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Biden Administration

Floor Speech

Date: Jan. 21, 2021
Location: Washington, DC

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Mr. THUNE. Mr. President, I want to start by congratulating President Biden and Vice President Harris, who took office yesterday. We have a team of former Senators in the White House.

Yesterday was a hopeful day. The Capitol Building, so recently besieged by violence and lawlessness, resumed its rightful place as the seat of our democracy and backdrop for the peaceful transfer of power from one President to the next that is a hallmark of our system of government. The faith of many Americans has been shaken in recent weeks. But yesterday reminded us that our democracy still stands and our Nation endures--bruised, maybe, but unbroken.

I also want to express my profound gratitude to the Capitol Police officers and other law enforcement who, though outnumbered and overrun, defended this Capitol on January 6, and to the soldiers and the law enforcement who have guarded this building in the days since. We live in peace and freedom because of the service and sacrifice of our military and our police officers.

After the election of November, President Biden gave a victory speech in which he pledged to be ``a President who seeks not to divide, but to unify. Who doesn't see Red and Blue states, but a United States. And who will work with all my heart to win the confidence of the whole people.''

He reiterated that commitment in yesterday's speech, stating: ``On this January day, my whole soul is in this: Bringing America together, uniting our people, uniting our nation.''

That is what we need right now--a President who will unite us. If President Biden can truly be a President who governs for all Americans, who respects all Americans, and who works to win the confidence of the whole people, he will have done our Nation a great service.

And I do think President Biden is capable of doing this, but I do want to sound a cautionary note. It is common to talk about unity at Presidential inaugurations. But all too often that commitment to unity is forgotten--by the President or by the members of his party. I hope this commitment will be backed up with action and that Democrat leaders in Congress will embrace the President's words. That means respecting those Americans who didn't vote for President Biden as well as those who did.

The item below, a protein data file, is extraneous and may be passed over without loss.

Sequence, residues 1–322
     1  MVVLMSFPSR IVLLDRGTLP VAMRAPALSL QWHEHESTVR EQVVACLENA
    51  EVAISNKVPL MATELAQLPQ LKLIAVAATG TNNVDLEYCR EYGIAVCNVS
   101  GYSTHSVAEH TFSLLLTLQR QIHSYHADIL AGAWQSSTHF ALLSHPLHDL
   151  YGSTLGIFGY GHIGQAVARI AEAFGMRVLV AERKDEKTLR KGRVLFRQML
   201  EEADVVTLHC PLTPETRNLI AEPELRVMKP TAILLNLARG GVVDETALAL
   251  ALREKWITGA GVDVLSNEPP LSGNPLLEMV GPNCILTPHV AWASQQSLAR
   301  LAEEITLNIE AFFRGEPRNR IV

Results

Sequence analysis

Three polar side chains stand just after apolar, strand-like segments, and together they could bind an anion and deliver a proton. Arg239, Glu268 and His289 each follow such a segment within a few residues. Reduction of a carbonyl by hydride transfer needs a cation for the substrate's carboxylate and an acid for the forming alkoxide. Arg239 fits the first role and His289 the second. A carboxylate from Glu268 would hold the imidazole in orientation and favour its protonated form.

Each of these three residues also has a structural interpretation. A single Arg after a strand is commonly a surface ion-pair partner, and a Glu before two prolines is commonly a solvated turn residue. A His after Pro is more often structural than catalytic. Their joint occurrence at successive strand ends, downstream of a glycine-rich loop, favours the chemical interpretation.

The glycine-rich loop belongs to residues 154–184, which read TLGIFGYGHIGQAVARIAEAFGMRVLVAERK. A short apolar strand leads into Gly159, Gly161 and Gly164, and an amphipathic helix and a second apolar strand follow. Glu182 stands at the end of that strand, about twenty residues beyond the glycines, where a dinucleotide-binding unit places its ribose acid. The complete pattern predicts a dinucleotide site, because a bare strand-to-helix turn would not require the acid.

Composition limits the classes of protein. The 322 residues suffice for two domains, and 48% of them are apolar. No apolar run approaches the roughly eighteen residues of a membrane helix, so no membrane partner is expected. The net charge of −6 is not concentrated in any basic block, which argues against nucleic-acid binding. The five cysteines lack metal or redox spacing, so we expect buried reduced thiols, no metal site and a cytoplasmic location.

It means working together to confront our Nation's challenges, instead of adopting an ``our way or the highway'' approach. It means preserving minority rights in the Senate when it comes to legislation, the heart--the heart--of what makes the Senate special and something Republicans, I might add, defended during our time in the majority.

For the President, it means nominating individuals who represent a majority of Americans, not the far left fringes of his party. I have seen some hopeful actions from President Biden. Several of his nominees for important posts, while perhaps not those whom I would have chosen, are public servants whom I believe will serve our country well in positions like Director of National Intelligence, whom we voted on yesterday. And the President has demonstrated both his leadership and his concern for all Americans by prioritizing the pandemic and focusing on getting Americans vaccinated.

But there have been troubling things as well. While the President has nominated some mainstream candidates, other nominations raise serious concerns on issues like overregulation of the economy and life and conscience protections.

While I applaud the President's focus on the pandemic, I am concerned that a number of the measures in his pandemic relief proposal are heavily partisan--and, certainly, not things that should be rushed through Congress without serious consideration of the long-term impact they would have on our economy and American families.

If there was any mandate given in this election, it was a mandate for moderation. A historic number of Americans voted for President Biden, but a historic number voted for President Trump as well. Democrats lost seats in the House of Representatives, and the Senate is evenly divided.

I hope--I really hope--that Democrat leaders and the President will remember that and not allow the far left, which has sought to hijack the Democratic Party in recent years, to determine their agenda. We have a chance--a chance--for a new day here in this country, and I believe that President Biden is committed to leading us there.

I pray that that commitment will endure and that we can spend the next months and years working together, legislating together, and ensuring the voices of all Americans are respected and heard.

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